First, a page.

Effecting Change with Breast Cancer Education and Empowerment

CEO Message
// June 9, 2016
Reading Time: 3 minutes


One in eight women will develop breast cancer. Think about that astounding statistic; furthermore, think about the number of individuals affected by the diagnosis of that one woman. The ripple effect of breast cancer is very real in all of our lives. Our mothers, grandmothers, daughters, nieces, sisters, aunts and friends are all exposed to this devastating disease.

TomNerneyThough it’s estimated that over 246,000 new cases of invasive breast cancer are expected to be diagnosed in U.S. women in 2016, I have hope that we can effect change. Fighting to find a cure is extremely important, and properly educating women of all ages and their families is critical to the physical, mental and emotional well-being of those affected. More importantly, educating young girls on the many ways to lessen their risk of breast cancer is a strong focus for the future.

I want to empower each of you to walk with me on this journey to raise awareness over the next few months. Breastcancer.org is a nonprofit organization that executes a unique, “two-phase” approach. For many years, Breastcancer.org has been a source of guidance and comfort, providing the most reliable, complete and up-to-date information about breast cancer so that women and their loved ones can make sense of such a complex, life-changing diagnosis right when it happens. Recently, however, Breastcancer.org started working more diligently to incorporate a second component into their mission, which is to better communicate how to reduce the chance of a breast cancer diagnosis. Breastcancer.org is engaging with other organizations to perform valuable research on how an individual can reduce their probability of having breast cancer. By learning what contributes to this terrible disease, we can provide information to girls so that they can make the best decisions early on.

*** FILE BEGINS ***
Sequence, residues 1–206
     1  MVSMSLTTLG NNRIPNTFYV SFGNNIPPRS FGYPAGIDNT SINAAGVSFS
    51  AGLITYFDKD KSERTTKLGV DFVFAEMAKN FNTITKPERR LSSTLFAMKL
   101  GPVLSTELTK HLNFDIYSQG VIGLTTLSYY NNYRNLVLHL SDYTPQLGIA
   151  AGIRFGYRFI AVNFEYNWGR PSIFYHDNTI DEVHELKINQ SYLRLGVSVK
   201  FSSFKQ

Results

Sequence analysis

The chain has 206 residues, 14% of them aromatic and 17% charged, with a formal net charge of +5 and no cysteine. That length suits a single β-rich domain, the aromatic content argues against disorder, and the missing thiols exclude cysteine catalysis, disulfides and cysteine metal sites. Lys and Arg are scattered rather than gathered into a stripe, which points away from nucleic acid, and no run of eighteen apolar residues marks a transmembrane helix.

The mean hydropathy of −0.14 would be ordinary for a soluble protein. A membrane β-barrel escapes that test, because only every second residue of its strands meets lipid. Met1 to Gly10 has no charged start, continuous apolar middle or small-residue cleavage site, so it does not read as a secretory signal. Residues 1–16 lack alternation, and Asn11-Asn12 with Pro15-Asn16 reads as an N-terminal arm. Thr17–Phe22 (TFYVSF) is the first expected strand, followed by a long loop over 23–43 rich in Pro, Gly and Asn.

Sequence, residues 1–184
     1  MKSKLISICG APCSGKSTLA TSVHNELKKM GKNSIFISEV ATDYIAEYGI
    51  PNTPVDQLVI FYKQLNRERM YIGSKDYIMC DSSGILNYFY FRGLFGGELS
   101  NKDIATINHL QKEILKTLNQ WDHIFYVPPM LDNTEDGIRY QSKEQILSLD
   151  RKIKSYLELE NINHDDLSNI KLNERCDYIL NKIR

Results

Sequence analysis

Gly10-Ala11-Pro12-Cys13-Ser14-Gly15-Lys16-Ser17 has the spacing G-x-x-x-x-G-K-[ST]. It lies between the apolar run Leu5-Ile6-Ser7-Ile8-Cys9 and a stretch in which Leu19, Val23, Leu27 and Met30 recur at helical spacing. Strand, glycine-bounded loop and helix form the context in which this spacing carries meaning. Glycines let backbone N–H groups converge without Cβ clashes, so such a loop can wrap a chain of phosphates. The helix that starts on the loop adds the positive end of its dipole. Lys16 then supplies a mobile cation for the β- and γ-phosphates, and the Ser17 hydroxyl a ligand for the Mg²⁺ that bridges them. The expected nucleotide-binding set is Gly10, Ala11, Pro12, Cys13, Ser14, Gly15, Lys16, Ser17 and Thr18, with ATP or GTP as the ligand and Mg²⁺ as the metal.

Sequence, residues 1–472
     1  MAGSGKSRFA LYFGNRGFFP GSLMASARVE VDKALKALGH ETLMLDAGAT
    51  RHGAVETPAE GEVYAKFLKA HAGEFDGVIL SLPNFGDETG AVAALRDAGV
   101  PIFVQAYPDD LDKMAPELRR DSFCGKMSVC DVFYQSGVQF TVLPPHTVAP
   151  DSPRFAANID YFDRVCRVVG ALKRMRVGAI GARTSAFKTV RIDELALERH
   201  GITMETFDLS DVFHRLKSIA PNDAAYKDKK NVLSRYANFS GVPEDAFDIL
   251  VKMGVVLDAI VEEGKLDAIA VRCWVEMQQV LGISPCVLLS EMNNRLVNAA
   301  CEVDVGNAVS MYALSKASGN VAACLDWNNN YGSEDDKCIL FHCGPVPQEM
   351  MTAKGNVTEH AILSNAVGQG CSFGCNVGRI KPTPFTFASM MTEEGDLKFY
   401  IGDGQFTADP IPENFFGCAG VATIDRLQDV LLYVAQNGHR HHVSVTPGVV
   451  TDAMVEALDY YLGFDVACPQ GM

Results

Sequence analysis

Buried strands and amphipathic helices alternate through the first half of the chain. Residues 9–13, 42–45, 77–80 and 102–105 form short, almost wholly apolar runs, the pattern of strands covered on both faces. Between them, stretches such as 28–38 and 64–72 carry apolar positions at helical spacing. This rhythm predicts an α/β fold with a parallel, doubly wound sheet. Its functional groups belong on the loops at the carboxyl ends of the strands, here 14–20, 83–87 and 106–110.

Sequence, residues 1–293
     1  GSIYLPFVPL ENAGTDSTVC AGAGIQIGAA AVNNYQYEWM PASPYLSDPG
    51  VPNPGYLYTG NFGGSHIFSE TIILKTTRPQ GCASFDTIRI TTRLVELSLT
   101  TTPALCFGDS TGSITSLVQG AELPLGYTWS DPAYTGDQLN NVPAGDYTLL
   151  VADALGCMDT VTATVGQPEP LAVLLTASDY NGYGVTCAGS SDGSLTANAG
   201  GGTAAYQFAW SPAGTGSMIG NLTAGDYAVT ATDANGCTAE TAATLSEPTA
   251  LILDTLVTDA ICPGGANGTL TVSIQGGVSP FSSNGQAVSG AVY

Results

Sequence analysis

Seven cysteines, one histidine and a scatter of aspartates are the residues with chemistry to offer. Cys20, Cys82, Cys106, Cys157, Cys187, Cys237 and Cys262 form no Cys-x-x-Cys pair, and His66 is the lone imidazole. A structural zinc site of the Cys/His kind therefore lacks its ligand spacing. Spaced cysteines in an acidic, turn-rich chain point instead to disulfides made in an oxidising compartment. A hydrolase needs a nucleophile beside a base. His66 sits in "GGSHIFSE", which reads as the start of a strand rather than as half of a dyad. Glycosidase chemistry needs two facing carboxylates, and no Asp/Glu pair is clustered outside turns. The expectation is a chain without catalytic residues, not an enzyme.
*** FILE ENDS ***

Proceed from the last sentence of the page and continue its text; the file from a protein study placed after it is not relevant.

Only about 5 to 10 percent of breast cancers can be linked to the BRCA1 or BRCA2 genes, and testing for this gene is not widely accessible, which means the majority of breast cancer diagnoses could be attributed to other causes, such as environmental or lifestyle. To learn more about these risks and how to reduce them, visit livegreen.breastcancer.org.

By supporting this organization, we have a chance at empowering women at the initial stages of their diagnosis; at these initial stages, many women and their families feel confused, lost and hopeless. Also, they may not have all the facts available to make the best medical choices. Furthermore, by supporting Breastcancer.org, we are getting prevention research and studies into the hands of girls and young women across the globe.

Breastcancer.org’s Vice President of Partnerships and Development, Rita Lusen, was diagnosed with breast cancer in 2007 before joining the nonprofit organization. She, like many other women who are diagnosed, felt overwhelmed by her diagnosis. View the following video where she discusses how her life was changed when she found Breastcancer.org.

Together with you, we raised $210,000 for Breastcancer.org last year. For the first time, we hosted Baskets for Breast Cancer, an online silent auction, during the month of October. Because of your participation and the items you and your offices donated, we were able to view the auction as a huge success.

In 2016, we are expanding our efforts because all individuals affected by this terrible disease deserve to have access to accurate medical information. Our compassion helps Breastcancer.org reach millions of people.

Please stay tuned for upcoming information and details about our Baskets for Breast Cancer auction and other initiatives that will benefit Breastcancer.org.

If we advocate for one another and team up against breast cancer, we can make more of a positive impact than if we try to go at it alone.

Warm regards,



CEO Message